Nevertheless, amid Brazil’s enduring economic crisis, the Fortaleza legislature agreed to fund only about a sixth of the modest 60 million reais ($16 million) the committee requested in 2017 for a four-year prevention program. None of that money has yet been disbursed, Roseno said.

“When you ask them, the state legislators agree with the idea,” he said. “But there is a dissonance between what they say and what they do. There is a lack of urgency.”

Criminal Expansion

Geography also plays a role. Ceará and neighboring states are situated along the routes that link the coca-producing Andes to Atlantic sea routes and the expanding European market, making them ideal transshipment points for the export trade. Roseno said the fragile region is weakly resourced and thus more vulnerable to corruption than Brazil’s wealthier south. Long, thinly populated coastlines are also maddeningly difficult to police.

That social and geographical context is paralleled elsewhere, in particular in the lawless border areas of Mexico and Central America. Shifting alliances among gangs have complicated matters further. Besides the PCC and CV, two more groups — a local faction called the Guardians of the State and the Amazon-based Northern Brothers — are present in Fortaleza, for example. The breakdown of a truce among gangs led to a bitter fight for territory in 2016, and death rates spiked.

Children learn soccer and civics at an after-school program in Fortaleza

Meanwhile, drug gangs are extending their tentacles into more conventional criminal activities and corrupting state institutions. The gangs now make large amounts of money from the sale of weapons. Luiz Fábio Silva Paiva, a sociologist at the Federal University of Ceará, said the availability of heavy weaponry like assault rifles has become more pronounced since 2015.

They’ve also moved into the bank robbery business. Last year, gangs in Ceará bombed bank branches and security trucks on 70 occasions. Since 2015, gangs have slowly gained control of Ceará’s prisons. “The gangs use prisons as a recruiting ground,” said Silva Paiva.

In poor communities, the gangs’ riches, weapons and clothes give them huge influence, although it’s in the prisons and juvenile detention centers that connections become strongest.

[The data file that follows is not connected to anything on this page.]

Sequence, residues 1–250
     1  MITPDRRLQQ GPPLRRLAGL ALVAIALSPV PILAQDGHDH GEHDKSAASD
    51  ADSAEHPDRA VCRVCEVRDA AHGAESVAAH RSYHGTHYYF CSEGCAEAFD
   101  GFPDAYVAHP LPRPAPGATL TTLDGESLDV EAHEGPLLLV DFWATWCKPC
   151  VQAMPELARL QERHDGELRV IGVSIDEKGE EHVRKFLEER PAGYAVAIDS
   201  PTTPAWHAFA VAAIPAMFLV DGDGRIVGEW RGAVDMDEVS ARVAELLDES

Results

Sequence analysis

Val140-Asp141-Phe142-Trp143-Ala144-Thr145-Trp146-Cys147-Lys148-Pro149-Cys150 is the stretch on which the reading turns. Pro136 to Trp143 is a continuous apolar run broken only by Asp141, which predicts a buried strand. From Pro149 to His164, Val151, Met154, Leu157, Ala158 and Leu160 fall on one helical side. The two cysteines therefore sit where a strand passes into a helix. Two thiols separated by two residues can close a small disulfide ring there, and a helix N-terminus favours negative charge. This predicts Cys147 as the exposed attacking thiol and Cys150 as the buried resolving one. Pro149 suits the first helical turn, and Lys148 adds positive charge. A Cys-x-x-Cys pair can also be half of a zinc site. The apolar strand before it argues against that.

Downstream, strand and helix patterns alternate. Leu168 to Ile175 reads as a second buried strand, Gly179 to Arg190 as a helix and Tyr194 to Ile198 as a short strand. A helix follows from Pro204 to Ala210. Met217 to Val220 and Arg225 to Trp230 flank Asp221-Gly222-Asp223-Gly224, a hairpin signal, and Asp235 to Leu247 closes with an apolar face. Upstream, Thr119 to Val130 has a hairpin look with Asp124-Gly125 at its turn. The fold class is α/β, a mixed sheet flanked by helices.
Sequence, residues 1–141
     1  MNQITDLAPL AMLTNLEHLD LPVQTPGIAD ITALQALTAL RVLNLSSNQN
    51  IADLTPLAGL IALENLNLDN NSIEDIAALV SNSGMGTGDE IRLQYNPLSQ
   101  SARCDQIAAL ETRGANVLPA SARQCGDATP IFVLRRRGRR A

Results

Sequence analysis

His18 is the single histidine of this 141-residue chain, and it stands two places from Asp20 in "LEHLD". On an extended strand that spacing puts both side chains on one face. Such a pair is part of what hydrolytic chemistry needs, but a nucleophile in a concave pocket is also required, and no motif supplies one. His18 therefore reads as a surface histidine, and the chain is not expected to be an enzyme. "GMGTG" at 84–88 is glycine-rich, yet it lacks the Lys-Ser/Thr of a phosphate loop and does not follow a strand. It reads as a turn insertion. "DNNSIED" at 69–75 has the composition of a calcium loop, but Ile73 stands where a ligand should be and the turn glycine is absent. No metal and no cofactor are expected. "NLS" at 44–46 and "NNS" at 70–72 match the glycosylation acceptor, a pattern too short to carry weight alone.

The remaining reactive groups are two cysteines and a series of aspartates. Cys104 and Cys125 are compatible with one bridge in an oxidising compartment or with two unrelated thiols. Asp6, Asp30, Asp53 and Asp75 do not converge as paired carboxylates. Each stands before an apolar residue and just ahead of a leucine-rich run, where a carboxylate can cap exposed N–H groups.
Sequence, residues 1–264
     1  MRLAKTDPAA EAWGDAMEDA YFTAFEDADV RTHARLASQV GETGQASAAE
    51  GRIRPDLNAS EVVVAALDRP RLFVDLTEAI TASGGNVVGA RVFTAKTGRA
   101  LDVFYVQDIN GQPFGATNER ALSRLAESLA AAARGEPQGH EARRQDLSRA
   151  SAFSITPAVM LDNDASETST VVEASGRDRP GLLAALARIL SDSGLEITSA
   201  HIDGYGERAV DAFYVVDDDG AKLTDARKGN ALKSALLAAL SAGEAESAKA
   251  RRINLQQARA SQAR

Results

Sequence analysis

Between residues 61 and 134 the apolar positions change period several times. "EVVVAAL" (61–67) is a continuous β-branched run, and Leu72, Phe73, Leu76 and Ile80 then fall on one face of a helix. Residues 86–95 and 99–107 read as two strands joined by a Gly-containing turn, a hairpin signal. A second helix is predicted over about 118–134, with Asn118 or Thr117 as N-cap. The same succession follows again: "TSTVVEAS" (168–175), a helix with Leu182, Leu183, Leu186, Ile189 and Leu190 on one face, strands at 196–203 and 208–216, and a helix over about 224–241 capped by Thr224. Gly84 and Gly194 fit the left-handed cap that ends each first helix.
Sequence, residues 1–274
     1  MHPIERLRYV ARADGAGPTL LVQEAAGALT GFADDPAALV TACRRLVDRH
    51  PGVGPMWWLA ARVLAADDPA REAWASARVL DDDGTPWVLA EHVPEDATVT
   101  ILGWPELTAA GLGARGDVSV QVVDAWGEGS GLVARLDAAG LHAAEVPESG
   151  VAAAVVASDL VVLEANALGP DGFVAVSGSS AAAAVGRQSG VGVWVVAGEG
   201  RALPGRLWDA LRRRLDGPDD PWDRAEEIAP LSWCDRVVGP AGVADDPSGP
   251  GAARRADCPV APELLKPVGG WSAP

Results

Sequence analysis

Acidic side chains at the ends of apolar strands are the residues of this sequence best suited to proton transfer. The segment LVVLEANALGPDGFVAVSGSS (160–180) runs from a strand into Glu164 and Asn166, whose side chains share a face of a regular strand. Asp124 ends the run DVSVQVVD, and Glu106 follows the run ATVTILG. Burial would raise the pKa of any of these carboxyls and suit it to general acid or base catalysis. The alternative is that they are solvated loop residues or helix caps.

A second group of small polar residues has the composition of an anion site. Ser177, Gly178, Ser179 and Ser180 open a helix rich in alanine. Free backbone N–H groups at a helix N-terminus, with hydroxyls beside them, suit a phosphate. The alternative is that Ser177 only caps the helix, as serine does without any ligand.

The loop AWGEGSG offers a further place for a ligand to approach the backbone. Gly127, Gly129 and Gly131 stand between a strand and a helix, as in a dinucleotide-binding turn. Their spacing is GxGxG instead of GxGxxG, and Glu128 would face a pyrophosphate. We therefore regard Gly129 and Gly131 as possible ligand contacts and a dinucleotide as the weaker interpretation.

“Outsiders tend to follow gangs like football supporters follow a team. It’s an identity thing. But inside, the links harden. As a prisoner you either join the gang or you become cannon fodder.”

With the October election coming, Roseno knows now is the time for building popular support for piecemeal reform and peacemaking — and that this will be a challenge. “Polarization is a danger. Our fear is that there will be a backlash,” he admitted. But he vowed to keep working in the same tireless, fearless fashion. “You have to have a lot of hope.”


Richard Lapper is a freelance writer and consultant who specializes in Latin America. He is an associate fellow at the Royal Institute of International Affairs in London and a member of the editorial board of Americas Quarterly. He held a number of senior positions at the Financial Times of London between 1990 and 2015 and was the newspaper’s Latin America editor between 1998 and 2008.

Richard Lapper is an independent journalist and consultant. He worked at the Financial Times between 1990 and 2015. He was the newspaper's Latin America editor between 1998 and 2008, headed up the FT's investment research service on Latin America from 2010 until 2015, and the entire emerging market research service between 2014 and 2015. Lapper was also Southern Africa burueau chief (2008-2010), capital markets editor (1994-1997) and financial news editor (1997-1998). Lapper began his journalistic career with the London-based Latin America Newsletter in 1980. He spent two years covering Central America between 1981 and 1982 and visited the region frequently in a freelance capacity during the rest of that decade.